The second stage introduces insta-death water along the bottom of the area with frogs that sometimes hop out to attack, requiring players to keep a watch for bubbles near the water’s surface. This area also features mortar-firing enemies that send out bouncing explosives – which fortunately follow the same movement pattern each time – as well as emitters that send forth flying serpents that move in a sine wave pattern. This area also has red walls that the player must climb, occasionally jumping away to grab another wall, sometimes while dodging mortar fire.


The third stage is a standalone boss encounter where the player floats on a long moving platform. In the background, a huge serpent moves in and out of the water, eventually moving into the foreground to pass beneath your feet or to jump over you. When it passes below, it sends up a set of hovering orbs that fly toward you with light tracking. Some of these orbs will land on the platform and turn into segmented barriers, but the glowing ones will send a wave of electricity along the platform, requiring that the player jump to dodge. This can be particularly troublesome if more than one orb sends out electricity.


When passing over the player, the serpent drops fleshy slugs, while frogs jump up from below, creating a number of obstacles on the player’s way to reach the serpent’s head. After each set of attacks, the serpent pops up on either the left or right side of the platform (based on which side of the screen it most recently left). The player must run over to it, dodging projectiles and enemies along the way, and try to get in as many hits as possible.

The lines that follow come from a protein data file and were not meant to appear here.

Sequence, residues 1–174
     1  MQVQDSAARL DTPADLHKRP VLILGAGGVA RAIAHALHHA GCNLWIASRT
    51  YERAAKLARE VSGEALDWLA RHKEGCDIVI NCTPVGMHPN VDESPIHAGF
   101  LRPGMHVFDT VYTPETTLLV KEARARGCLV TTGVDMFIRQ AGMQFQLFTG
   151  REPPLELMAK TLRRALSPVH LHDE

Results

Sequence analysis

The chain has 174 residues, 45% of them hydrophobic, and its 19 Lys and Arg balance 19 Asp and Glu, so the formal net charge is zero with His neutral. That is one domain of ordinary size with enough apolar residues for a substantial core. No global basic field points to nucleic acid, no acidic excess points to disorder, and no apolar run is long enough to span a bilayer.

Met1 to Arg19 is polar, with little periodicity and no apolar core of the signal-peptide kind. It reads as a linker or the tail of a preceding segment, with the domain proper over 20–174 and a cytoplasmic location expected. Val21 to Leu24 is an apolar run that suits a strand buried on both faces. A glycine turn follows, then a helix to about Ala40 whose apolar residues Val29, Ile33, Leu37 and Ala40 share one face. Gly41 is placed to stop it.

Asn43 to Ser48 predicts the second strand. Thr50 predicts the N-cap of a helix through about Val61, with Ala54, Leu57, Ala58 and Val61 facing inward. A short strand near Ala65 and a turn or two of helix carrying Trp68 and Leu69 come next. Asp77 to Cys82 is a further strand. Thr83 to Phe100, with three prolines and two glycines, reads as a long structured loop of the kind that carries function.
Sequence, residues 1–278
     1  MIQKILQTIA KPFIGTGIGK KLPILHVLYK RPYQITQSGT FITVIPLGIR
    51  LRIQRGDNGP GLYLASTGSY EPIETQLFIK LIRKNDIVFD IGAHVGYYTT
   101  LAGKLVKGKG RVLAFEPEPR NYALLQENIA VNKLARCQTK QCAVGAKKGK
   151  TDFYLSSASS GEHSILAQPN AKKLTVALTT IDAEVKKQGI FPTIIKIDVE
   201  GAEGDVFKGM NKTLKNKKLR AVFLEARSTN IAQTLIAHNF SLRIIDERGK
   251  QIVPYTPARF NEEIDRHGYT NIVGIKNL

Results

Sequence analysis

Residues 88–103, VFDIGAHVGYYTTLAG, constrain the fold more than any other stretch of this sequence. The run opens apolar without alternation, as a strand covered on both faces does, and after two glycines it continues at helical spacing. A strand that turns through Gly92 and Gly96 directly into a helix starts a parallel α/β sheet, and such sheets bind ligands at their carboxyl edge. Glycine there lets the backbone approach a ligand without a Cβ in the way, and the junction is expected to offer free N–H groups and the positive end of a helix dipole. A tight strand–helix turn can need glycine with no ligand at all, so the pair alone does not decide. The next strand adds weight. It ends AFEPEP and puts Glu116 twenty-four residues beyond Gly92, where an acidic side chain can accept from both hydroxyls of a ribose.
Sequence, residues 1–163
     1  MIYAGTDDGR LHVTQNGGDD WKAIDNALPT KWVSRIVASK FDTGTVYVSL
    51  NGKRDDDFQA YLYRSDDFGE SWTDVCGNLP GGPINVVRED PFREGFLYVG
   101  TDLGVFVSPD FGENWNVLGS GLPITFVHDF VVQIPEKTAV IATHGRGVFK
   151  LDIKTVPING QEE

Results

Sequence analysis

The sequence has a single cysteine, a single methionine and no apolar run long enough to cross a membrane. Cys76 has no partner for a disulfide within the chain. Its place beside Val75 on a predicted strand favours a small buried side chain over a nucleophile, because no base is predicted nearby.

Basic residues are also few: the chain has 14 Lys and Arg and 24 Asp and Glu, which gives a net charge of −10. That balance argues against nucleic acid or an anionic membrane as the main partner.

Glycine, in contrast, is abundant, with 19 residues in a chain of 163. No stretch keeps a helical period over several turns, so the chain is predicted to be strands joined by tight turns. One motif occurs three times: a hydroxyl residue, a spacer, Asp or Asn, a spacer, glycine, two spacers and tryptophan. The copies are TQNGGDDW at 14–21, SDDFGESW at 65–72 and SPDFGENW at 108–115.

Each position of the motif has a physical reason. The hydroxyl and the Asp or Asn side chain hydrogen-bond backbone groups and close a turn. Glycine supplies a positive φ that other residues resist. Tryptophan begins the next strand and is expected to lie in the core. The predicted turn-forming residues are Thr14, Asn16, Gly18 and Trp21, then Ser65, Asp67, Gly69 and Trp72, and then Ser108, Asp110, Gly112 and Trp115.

After a couple of seconds, the serpent opens its eye and fires a laser across the platform, which the player may jump to dodge. It’s possible to get in a couple of hits before the laser fires, and a couple more before the serpent moves below the surface once more. After you have done a significant amount of damage, the serpent leaves the screen for a moment and a pair of small sine wave serpents enter the screen and move slowly across, after which the serpent returns and attacks more aggressively.


The fourth stage is the last of the standard stages, and it packs in a heavy load of enemies, as well as platforms that extend red drills soon after the player stands on them. However, not every part of the stage is accessible, as some rooms contain two exits, each leading to a different part of the stage.


The fifth and final stage is unlike the others, as the player is simply tasked with defeating a set of stationary projectile-firing enemies in each short level, while dodging electricity that runs along the walls and floors. Rather than seeking out an exit door as in previous levels, the player encounters a glitch-style effect and is instantly warped to the next level.


Surviving these challenges places the player in a room with a heretofore unseen pickup, and grabbing it transforms the player character into a spaceship, where he finishes out the game in an extended shmup sequence. Players can still absorb a single hit of damage without being killed, and restore it by finding pellets, which appear with much greater frequency as the player moves quickly through a scrolling environment filled with enemies and destructible blocks.


While the player spends the bulk of the game armed with only a spear, he now gets to wreak maximum destruction on all of his foes, shredding them with a continuous spray of bullets. However, the player is killed instantly if he comes in contact with a wall or other solid object, and some passageways are quite narrow. The sequence ends as the player enters a large chamber and encounters a menacing final boss. Oh, and there’s also a secret.



2D CRED
Skorpulac was developed by Eirik Suhrke under his “aarkipel” label, and this was his first game release. In addition to game development, Eirik is also a composer and has written music for Downwell, Hotline Miami, Spelunky, Ridiculous Fishing, Super Crate Box, and Adventure Time: The Secret of the Nameless Kingdom.